Waking up at 5.30 each morning, I’m treated to some of the most idiosyncratic programming on radio – Farming Today, Tweet of the day (a mercifully short feature of one bird singing) and On Your Farm. There’s also an odd walking programme with Clare Balding, which I can’t remember the name of. You spend 20 minutes in the company of Clare and (usually) some weirdo, as they traipse around a bit of the British countryside in the rain. At some point she is guaranteed to cheerfully point out that “if it wasn’t rainy/snowing/foggy/a hurricane, we’d see a lovely view from here”: the added irony being that they could be puddling around on gravel in a studio for all the listener knows.
I was brought up on Radio 4. My clearest childhood memories have it burbling in the background: Dad doing the ironing to the the Archers omnibus, all of us listening to Gardeners’ Question Time over Sunday pudding or huddled round a crackly radio on a tiny boat, noting down the shipping forecast. I can still recite it like a poem – starting with the “general synopsis”, then the gale warnings and the rhythm of the shipping areas with winds backing or pressures rising.
Perhaps it’s just that bit of human nature which needs repetition and certainty to feel safe, but I can well believe that British subs were put on nuclear alert when the Today Programme went off air. This may be an urban myth, but what stronger sign do you need of the coming apocalypse than John Humphries being silenced?
And, at a time of my life when interaction and intellectual activity has been curtailed, Radio 4 has provided conversation, stimulation and insight – never mind if I’m scrubbing Weetabix-concrete from the floor, I can still join in with Jennie Murray dissecting systems of oppression on Woman’s Hour. (Have to admit I was disappointed that Woman’s Hour did a feature on Spring fashions. Please stop such madness ladies).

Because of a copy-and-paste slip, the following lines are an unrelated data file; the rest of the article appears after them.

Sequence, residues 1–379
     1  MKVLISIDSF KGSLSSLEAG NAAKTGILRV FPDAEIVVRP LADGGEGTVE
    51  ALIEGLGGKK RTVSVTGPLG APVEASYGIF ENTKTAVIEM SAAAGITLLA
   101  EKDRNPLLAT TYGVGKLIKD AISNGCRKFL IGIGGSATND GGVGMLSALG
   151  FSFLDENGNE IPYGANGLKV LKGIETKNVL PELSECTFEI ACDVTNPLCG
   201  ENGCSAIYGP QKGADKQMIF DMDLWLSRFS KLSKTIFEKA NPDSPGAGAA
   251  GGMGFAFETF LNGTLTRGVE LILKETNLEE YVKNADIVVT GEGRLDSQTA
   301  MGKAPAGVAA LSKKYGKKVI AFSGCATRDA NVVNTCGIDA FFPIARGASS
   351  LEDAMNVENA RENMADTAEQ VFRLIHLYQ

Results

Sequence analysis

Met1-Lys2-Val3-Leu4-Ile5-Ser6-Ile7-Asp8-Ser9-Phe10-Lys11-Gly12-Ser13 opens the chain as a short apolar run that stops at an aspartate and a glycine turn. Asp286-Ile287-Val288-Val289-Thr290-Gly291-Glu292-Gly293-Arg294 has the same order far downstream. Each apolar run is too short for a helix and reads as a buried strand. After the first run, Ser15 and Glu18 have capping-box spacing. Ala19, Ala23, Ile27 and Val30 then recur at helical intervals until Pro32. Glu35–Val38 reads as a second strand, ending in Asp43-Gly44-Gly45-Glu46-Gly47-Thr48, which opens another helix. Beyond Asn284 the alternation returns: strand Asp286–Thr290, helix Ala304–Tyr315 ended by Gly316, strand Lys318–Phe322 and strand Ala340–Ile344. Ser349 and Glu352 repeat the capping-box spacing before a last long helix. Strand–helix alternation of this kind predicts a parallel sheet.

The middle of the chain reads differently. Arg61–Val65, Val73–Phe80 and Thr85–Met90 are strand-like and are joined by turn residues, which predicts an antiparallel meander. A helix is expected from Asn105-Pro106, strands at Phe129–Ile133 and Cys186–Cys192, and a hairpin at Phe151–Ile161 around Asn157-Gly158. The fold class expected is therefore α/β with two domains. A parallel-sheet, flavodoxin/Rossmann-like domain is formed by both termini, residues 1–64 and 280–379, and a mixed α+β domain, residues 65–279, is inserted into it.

When it comes to intellectual stimulation, my absolute favourite has to be Melvyn Bragg’s In Our Time. It is the most ridiculous and pompous bit of programming but for me it’s a win-win. For those who aren’t familiar with the format, Melvyn Bragg chooses the most obscure and frankly useless bit of history he can (ie the Battle of Tours of 732) and then wheels out high-brow academics to debate it. It’s brilliant. It either gives me a genuine laugh when he announces the topic they’re going to cover (and then to hear the poshest voices ever to escape the 1950s whiffling on about it), or it opens surprising new avenues of thought. And all this before the second washing load of the day has finished.
From morning birdsong to The book at bedtime Radio 4 is the parentheses around my day, and much of the punctuation in the middle. When everything else is in flux and there are few steady points to anchor you, Radio 4 is the calmest port in the storm.
(This post has to be dedicated to Jim Naughtie and the C-word. http://www.youtube.com/watch?v=krgCKz5UN6I Ah, the joy of stifled laughter!)